THE PESO strengthened against the dollar on Monday following softer-than-expected US manufacturing purchasing managers’ index (PMI) data.

The local unit closed at P55.97 per dollar on Monday, strengthening by 4.5 centavos from its P56.015 finish on Friday, Bankers Association of the Philippines data showed.

The peso opened Monday’s session stronger at P56 against the dollar. It moved within a narrow range, as its weakest showing was at P56.055, while its intraday best was at its close of P55.97 versus the greenback.

Dollars exchanged dropped to $768.2 million on Monday from $1.43 billion on Friday.

The peso was supported by a generally weaker dollar on Monday as softer US manufacturing data stoked expectations of a rate cut by the US Federal Reserve, Rizal Commercial Banking Corp. Chief Economist Michael L. Ricafort said in a Viber message.

“The peso continued to strengthen after the softer-than-expected US manufacturing PMI signaled concerns on the US economy,” a trader likewise said in an e-mail.

The US dollar drifted within a tight range on Monday, pressured by lower Treasury yields, as traders waited for more crucial economic data for fresh clues on the timing of Federal Reserve interest rate cuts, Reuters reported.

The dollar index — which measures the currency against six major peers, including the euro and yen — was little changed at 103.85 as of 0530 GMT, oscillating narrowly in the bottom half of it 103.43-104.97 range of the past month.

The index lost 0.26% on Friday following some weak manufacturing and construction spending data.

The Institute for Supply Management said its manufacturing PMI fell to 47.8 last month from 49.1 in January, the 16th straight month that the PMI remained below 50. This indicates contraction in manufacturing.

For Tuesday, the trader said the peso could weaken anew due to a potential uptick in Philippine headline inflation last month.

The trader sees the peso moving between P55.95 and P56.10 per dollar on Tuesday, while Mr. Ricafort expects it to range from P55.87 to P56.07.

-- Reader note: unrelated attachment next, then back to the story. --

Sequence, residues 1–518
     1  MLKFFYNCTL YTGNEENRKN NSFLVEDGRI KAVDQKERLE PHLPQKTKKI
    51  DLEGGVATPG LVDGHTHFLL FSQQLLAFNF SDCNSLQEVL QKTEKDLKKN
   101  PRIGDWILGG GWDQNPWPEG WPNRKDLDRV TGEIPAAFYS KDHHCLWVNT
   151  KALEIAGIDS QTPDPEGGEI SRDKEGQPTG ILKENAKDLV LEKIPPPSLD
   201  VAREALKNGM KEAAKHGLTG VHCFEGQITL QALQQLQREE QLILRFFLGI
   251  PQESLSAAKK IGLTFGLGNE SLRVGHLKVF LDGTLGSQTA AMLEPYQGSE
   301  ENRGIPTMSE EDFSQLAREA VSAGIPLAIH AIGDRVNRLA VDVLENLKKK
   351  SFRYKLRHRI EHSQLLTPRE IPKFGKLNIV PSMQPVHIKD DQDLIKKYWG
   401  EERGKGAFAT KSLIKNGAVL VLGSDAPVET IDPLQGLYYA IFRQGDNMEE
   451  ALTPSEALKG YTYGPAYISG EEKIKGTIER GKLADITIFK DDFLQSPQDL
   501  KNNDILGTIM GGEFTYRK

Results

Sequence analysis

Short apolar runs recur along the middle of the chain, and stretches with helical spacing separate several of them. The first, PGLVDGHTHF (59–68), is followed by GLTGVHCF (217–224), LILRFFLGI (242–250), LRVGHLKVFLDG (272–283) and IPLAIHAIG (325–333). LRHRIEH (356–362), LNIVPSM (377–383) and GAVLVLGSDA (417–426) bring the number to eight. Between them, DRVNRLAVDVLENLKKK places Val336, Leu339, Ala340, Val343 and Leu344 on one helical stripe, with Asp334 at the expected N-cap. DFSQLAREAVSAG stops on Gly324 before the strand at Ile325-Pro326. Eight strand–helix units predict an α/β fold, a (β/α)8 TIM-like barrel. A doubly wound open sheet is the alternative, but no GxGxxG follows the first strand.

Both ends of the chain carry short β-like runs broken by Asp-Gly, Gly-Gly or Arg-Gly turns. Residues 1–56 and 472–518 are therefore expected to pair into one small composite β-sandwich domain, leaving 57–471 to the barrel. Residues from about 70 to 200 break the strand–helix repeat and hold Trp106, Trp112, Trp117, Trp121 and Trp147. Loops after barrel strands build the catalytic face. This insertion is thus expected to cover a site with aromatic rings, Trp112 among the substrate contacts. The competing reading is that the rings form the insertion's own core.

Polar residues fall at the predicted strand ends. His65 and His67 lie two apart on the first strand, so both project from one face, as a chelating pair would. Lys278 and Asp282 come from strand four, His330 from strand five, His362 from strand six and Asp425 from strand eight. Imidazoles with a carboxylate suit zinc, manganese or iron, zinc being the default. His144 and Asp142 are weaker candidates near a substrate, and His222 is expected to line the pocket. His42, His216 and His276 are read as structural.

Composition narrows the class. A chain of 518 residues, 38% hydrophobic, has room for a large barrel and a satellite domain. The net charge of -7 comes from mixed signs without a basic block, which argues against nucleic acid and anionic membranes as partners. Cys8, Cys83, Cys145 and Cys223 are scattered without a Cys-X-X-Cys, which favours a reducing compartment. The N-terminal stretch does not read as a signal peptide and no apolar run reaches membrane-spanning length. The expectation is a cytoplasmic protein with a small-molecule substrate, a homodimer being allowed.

Meanwhile, MUFG Global Markets Research expects the peso to remain weak this year due to the country’s wide current account deficit, it said on Monday.

“While strong growth could boost equity inflows and keep the BSP (Bangko Sentral ng Pilipinas) hawkish for longer, what also matters for peso is the trajectory of the current account deficit,” the research firm said in a report.

“The current account deficit remains wide at around 3% of GDP, and FX (foreign exchange) valuations are expensive. The good news is that inflation is coming off, allowing policy space for BSP to cut rates gradually, while FDI (foreign direct investment) approvals have improved,” MUFG Global Markets Research said.

MUFG Global Markets Research expects the peso to end at P56.20 per dollar in the first quarter, P55.80 in the second quarter, P55.30 in the third quarter, and to close the year at P55 against the greenback.

“We continue to expect the peso to underperform Asian FX in 2024, but it’s important to stress this is not a massive bearish call,” it said.

The BSP projects a $9.5-billion current account deficit for 2024, equivalent to 2% of gross domestic product (GDP) last year. This would be narrower than the $11.2-billion (-2.5% of GDP) shortfall last year.

The BSP reported a current account deficit of $10.9 billion in the first nine months of 2023, equivalent to 3.5% of GDP.

The research firm also expects the BSP to cut rates by 50 basis points (bps) in the second half. The Monetary Board raised borrowing costs by 450 bps from May 2022 to October 2023, bringing the policy rate to a near 17-year high of 6.5%. It has since kept borrowing costs steady. — AMCS with Reuters